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The Enron Bankruptcy Case

Once the seventh largest company in the U.S., Enron gained the trust of investors and employees. The company rose through the ranks as an energy-producing company, also providing financial and risk management services, according to History. The unraveling of Enron’s illegal actions and subsequent bankruptcy filing left investors and employees with the realization that Enron wiped out their investments and jobs. Creditors lined up wondering what would happen next as details of the Enron collapse emerged.

The Unraveling Of Enron Debt

In November 2001, the announcement that Dynegy planned to purchase Enron for $9.5 billion quickly soured after Enron Stock Price August 2000 January 2001 Enron restated earnings, revealing that the company lost $586 million. Dynegy withdrew its offers after “Standard & Poor’s cut its ratings on Enron bonds to “junk” status,” according to CNN Money. In the November 28, 2001 article, just prior to the Enron bankruptcy filing, CNN Money listed some of the companies affected by potential bankruptcy; including J.P. Morgan Chase with approximately $500 million unsecured debt and $400 million in loans and Duke Energy with approximately $100 million non-collateralized Enron debt.

Even before the bankruptcy filing on December 2, 2001, employees got locked out of their own accounts, unable to sell their shares of Enron stocks. Although Enron employees were unable to save themselves, top executives at Enron sold off their shares, such as in the case of CEO Kenneth Lay, sold large amounts of his Enron stock, while also encouraging Enron employees to buy more shares and telling them that the company was on the rebound. As employees took Lay’s advice, prices plummeted even more, wiping out the entire investments, retirement accounts and life savings of thousands of employees. Lay and Jeffrey Skilling, former Enron Chief Executive, sold shares totaling $60 million, while, as MarketWatch  reports, board members sold shares worth over $160 million.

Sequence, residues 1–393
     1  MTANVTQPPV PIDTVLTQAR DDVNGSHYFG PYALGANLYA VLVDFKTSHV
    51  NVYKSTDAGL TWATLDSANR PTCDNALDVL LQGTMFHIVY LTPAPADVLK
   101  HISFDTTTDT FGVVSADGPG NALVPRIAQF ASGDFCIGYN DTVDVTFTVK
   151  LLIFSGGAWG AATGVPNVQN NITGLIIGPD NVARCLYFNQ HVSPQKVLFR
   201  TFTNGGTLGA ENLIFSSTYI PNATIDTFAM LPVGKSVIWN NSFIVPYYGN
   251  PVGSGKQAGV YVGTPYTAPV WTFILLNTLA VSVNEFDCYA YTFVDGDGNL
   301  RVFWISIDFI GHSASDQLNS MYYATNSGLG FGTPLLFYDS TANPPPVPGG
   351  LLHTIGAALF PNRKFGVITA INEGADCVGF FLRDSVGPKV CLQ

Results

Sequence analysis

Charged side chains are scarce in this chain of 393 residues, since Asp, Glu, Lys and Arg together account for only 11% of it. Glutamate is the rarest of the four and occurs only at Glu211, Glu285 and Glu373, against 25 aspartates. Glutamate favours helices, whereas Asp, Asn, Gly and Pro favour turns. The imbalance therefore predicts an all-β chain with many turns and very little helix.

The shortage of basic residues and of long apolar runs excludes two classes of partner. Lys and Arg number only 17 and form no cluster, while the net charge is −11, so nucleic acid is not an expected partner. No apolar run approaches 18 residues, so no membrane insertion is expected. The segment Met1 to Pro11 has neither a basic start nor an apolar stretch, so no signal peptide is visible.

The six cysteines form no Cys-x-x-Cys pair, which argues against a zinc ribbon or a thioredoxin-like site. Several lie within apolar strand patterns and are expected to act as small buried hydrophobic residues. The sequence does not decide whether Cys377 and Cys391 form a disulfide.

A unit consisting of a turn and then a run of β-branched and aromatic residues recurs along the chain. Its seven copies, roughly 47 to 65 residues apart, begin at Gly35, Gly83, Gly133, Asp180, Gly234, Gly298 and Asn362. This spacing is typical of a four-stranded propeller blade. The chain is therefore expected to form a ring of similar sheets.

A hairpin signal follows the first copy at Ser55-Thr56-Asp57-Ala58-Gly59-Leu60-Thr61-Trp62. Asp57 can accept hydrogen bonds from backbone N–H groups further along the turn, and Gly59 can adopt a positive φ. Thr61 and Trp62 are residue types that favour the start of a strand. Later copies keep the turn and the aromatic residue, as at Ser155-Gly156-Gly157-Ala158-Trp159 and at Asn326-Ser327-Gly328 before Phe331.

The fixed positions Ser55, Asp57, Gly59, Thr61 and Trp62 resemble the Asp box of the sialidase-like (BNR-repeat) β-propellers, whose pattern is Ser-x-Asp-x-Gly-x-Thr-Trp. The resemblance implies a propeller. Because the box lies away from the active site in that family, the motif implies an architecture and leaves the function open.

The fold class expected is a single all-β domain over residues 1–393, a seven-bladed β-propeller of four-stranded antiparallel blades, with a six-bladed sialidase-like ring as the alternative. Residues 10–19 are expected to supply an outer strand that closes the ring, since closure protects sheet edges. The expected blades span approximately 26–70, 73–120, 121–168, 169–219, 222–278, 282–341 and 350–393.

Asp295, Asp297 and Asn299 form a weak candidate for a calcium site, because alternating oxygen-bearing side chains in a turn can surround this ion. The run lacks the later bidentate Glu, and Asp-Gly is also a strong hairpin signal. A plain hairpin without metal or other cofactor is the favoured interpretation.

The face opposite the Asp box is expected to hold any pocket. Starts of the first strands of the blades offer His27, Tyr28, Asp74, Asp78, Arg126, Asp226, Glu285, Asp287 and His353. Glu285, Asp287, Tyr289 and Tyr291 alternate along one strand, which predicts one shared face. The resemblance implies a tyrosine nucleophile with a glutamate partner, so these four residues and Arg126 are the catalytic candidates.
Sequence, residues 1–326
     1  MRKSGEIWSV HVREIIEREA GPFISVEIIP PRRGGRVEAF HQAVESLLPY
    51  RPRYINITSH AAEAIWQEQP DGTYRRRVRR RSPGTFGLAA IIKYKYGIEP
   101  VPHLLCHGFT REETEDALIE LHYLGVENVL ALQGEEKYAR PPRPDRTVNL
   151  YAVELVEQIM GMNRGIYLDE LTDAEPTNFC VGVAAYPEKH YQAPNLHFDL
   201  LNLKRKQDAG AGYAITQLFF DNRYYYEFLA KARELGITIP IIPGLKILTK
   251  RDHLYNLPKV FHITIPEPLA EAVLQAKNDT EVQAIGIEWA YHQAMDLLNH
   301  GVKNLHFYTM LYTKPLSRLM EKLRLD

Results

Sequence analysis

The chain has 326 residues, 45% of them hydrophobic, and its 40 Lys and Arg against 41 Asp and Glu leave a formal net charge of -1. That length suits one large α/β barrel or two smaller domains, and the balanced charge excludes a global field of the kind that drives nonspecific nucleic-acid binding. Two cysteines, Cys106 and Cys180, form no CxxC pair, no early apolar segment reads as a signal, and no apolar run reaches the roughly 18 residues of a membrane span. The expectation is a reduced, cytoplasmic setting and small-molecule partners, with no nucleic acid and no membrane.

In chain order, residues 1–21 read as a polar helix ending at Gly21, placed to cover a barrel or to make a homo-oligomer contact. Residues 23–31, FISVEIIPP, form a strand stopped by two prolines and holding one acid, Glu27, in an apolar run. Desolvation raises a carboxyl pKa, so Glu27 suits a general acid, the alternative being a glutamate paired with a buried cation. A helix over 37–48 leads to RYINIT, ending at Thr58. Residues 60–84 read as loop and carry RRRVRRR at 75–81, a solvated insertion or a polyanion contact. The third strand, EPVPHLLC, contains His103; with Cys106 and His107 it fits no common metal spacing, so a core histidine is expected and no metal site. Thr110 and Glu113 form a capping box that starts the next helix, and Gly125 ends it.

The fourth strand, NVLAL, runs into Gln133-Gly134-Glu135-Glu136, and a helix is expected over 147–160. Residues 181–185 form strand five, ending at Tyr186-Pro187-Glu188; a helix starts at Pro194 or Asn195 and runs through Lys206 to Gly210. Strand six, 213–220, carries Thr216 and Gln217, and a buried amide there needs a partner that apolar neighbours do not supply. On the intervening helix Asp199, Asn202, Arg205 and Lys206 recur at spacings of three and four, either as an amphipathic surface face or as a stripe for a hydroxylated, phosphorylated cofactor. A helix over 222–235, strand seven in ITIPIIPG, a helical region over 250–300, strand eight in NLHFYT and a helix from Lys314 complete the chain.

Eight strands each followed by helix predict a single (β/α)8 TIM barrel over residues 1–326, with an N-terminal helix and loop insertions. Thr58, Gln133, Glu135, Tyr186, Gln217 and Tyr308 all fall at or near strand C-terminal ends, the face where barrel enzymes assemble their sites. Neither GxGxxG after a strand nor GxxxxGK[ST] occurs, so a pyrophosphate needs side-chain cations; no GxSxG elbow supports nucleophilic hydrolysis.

Employees Led Astray

Robert Vigil, an electrical machinist foreman at Enron told MarketWatch said that employees trusted reports from upper-level management that the company showed strong financial growth and opportunity. Vigil said that employees lost an estimated $1 billion, when “Enron’s house of mirrors came crashing down.” Enron employees had millions of dollars in savings wiped out to and had to rely on food pantries just to have food to eat, after stock prices tumbled from $90 a share to less than 70 cents a share and the bankruptcy filing.

The Securities and Exchange Commission opened an investigation in October 2001, after Enron shocked employees and investors by announcing huge third quarter losses of $618 million. In January 2002, the U.S. Department of Justice opened a criminal investigation into the Enron collapse and, as documented in CNN Enron Fast Facts, the SEC widened its investigation to include Enron’s chief auditor, Arthur Andersen. Anderson ordered Enron Logothe shredding of thousands of documents, resulting in a guilty plea on obstruction of justice charges.

Court Rulings & Verdicts

During the hearing before the House Energy and Commerce Committee, Andrew Fastow, Michael Kopper, Richard
Buy and Richard Causey invoked their Fifth Amendment rights, as did Richard Lay, when called to testify before the Senate Commerce Committee. Several employees either pleaded guilty to charges related to the Enron case or suffered the findings of guilt from the courts.

Lay died of a heart attack less than two months after his conviction on multiple counts of fraud and conspiracy. Skilling appealed and received a reduced sentence that took ten years off his original sentence.

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